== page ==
When you announced your pregnancy, perhaps someone made a joke about twins running in the family. Or maybe you’ve always wanted twins and are trying to figure out the likelihood of it happening. Alternatively, perhaps you’re getting older and hoping to make your dreams of a big family come true by having multiples!
Whatever the reason, you’re in the right place, as we have the information to answer all your questions, including the one that brought you here — do twins skip a generation?
You may have heard that twins run in families, but is this true? Are you really more likely to have twins if other members of your family have had them?
Well, your chances of twins depend on many factors, including the type of twins that have appeared in your family and whether you’re the person contributing the sperm or the eggs.
Non-identical, fraternal (dizygotic) twins are more likely to run in families. This may be due to genes that can cause those with eggs and a uterus to release more than one egg during ovulation, also known as hyperovulation.
Hyperovulation can occasionally occur among those who don’t regularly release multiple eggs or have a history of twins in the family. Researchers haven’t yet been able to isolate the gene or genes responsible for this.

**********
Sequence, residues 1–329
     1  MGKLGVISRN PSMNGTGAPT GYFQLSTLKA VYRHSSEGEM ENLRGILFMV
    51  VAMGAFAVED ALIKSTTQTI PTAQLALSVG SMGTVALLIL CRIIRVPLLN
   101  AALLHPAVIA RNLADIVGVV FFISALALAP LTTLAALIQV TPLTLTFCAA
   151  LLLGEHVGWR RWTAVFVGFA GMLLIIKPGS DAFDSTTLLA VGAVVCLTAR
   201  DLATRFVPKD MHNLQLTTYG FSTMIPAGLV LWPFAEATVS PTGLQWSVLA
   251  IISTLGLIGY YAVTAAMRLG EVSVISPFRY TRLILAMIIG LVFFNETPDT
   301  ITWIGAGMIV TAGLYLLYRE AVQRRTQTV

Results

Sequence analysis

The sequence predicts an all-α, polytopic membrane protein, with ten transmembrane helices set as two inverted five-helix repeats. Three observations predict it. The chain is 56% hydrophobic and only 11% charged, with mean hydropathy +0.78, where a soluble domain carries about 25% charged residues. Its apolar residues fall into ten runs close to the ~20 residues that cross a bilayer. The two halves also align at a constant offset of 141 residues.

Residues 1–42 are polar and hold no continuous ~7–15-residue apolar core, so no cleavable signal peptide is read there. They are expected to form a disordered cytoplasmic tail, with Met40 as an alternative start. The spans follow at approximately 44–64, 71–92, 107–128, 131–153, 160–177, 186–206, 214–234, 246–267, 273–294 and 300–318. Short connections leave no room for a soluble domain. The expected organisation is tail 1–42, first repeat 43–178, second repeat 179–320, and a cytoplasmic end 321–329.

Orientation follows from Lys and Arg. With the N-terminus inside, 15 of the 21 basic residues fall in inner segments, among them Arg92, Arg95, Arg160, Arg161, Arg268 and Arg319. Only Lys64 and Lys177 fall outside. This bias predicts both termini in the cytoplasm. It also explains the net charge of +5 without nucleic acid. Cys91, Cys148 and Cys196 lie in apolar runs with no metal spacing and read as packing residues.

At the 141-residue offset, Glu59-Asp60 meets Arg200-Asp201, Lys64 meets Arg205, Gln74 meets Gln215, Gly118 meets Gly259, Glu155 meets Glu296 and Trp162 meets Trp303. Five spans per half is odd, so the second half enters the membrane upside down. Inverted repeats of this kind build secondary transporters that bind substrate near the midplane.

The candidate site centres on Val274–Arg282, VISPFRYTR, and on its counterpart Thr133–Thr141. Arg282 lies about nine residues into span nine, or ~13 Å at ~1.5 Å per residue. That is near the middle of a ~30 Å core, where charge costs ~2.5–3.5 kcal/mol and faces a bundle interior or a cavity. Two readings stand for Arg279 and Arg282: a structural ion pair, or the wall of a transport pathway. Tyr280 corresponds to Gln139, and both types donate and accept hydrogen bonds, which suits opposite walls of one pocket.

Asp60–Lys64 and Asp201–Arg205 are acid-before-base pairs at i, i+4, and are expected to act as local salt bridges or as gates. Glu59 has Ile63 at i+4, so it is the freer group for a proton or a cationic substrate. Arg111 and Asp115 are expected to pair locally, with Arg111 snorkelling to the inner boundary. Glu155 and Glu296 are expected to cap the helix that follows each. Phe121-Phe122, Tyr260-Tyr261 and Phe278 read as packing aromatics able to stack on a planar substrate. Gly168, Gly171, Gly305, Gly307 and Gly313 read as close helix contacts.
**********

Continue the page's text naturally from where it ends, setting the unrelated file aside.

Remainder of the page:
Even though researchers haven’t pinpointed the cause, some people are at an increased likelihood of having twins. According to The American Society for Reproductive Medicine, women who are fraternal twins have a 1 in 60 chance of having twins, and men who are fraternal twins have a 1 in 125 chance of fathering twins.
It was previously believed that identical (monozygotic) twins were random — not genetic. However, some scientists now believe that
So, your family history may increase your chances of having identical twins, too. However, the chance of having identical twins run in your family is rare. Only around 3 or 4 in every 1,000 births are identical twins.
There’s no skipping when it comes to inherited traits, they just might not always be evident.
If you notice that your family (or someone else’s family) has a history of twins but seems to have skipped a generation, the likely cause is that the person who could have carried the so-called twin genes that generation was male.
Since the birth of fraternal twins involves the person with eggs contributing extra eggs during ovulation, male family members wouldn’t necessarily have an increased chance of having twins, as they’re responsible for the sperm in the equation — not the eggs.
However, any female children of twins could inherit a combination of genes that makes them more likely to release multiple eggs during ovulation (thanks to the DNA passed from their dad). This would make them more likely to have twins and give the appearance of the twins skipping a generation.
While they won’t guarantee a twin pregnancy, a variety of factors can increase the likelihood of finding yourself pregnant with multiples, including:
- Age. Women over age 30, especially those in their late 30s, have an increased chance of twin pregnancies, as their bodies are more likely to release multiple eggs. Women age 35 to 40 who have already given birth have an even higher chance of conceiving multiples.